Skylight / July 16, 2018 / Baptiste Allain
Your ventilating skylight can be operated by one of three ways: Manual skylight controls - These are opened by your use of an extended rod to manually crank the skylight open. These are designed for ceilings of less than 15 feet. Electronic skylight controls - A simpler model of this type of control is wired to a wall mounted switch which opens and closes the skylight. More complex models are controlled by a special wall console of a wireless remote control. Automatic operating controls - With this type of control integrated heat sensors trigger the skylight to open when the interior heat reaches a preset temperature. Exterior sensors automatically close the unit when they sense moisture.
For example the optimum slope for a south-facing skylight in Columbus Ohio at 40º North latitude is 45º to 55º. Every skylight has a "shaft" which governs how much light is admitted into the room below. If all four sides are flared then the light is spread over a wide area. If your skylight has a shaft with perpendicular sides the light is focused straight below. If your skylights shaft is flared on only one or two sides then the light is sprayed in the flared direction. Ventilation If you wish you can have a skylight which also provides ventilation as well as light to your room. This allows you to release the hot air which collects at your ceiling.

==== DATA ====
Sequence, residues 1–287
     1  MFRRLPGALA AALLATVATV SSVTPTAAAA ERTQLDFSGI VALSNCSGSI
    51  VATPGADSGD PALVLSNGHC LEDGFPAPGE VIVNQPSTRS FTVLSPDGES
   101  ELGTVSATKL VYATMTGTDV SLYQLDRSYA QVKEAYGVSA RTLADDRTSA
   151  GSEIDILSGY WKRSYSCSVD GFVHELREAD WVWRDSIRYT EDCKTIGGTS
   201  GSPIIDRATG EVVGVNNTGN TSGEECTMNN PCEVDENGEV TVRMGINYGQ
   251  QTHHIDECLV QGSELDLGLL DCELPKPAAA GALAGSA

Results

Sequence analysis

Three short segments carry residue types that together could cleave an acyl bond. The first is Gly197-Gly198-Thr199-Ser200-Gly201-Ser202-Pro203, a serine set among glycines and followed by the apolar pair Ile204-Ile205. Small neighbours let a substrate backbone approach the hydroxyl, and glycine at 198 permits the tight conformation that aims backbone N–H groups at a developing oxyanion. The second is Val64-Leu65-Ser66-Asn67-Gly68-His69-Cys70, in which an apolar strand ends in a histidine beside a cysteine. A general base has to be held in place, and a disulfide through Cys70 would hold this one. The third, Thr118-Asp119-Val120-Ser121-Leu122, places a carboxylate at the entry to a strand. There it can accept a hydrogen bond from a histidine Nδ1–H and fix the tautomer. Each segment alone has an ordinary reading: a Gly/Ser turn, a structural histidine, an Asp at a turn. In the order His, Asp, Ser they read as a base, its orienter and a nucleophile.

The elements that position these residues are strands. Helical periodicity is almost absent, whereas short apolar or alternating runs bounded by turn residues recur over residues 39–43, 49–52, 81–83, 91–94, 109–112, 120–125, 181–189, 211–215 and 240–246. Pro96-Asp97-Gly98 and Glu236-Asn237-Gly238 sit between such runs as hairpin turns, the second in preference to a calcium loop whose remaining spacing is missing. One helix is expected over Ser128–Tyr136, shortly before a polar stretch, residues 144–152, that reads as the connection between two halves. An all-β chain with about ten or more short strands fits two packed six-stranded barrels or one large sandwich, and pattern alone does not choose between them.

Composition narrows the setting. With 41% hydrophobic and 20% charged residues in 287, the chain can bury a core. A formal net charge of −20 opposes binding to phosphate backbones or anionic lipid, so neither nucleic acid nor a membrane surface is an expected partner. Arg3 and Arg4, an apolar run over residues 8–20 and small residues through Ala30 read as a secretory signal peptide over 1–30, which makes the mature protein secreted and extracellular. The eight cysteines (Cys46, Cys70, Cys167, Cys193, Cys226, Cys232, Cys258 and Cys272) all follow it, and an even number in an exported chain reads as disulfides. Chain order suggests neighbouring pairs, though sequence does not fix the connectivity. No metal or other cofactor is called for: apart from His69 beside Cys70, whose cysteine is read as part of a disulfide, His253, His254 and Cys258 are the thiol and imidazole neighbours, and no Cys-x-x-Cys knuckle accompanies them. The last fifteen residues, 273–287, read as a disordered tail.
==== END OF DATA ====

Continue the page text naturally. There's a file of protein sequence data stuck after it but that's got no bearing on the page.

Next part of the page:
For one thing skylights are positioned in such a way that they are inaccessible unless they are operated by remote. Even in cases of motorized skylights which are easily manipulated there are still some disadvantages that are inherent to skylights that are not present or minimized in windows. Vertical windows lose less heat by convection when compared to skylights. Also since windows are generally protected by overhangs or shrubs they lose less heat by radiation. On the other hand skylights are directly exposed to the sky. Thus they lose more heat by radiation. Proper insulation can reduce this heat loss to a large extent. In the summer season skylights are more exposed to the direct heat of the sun than windows.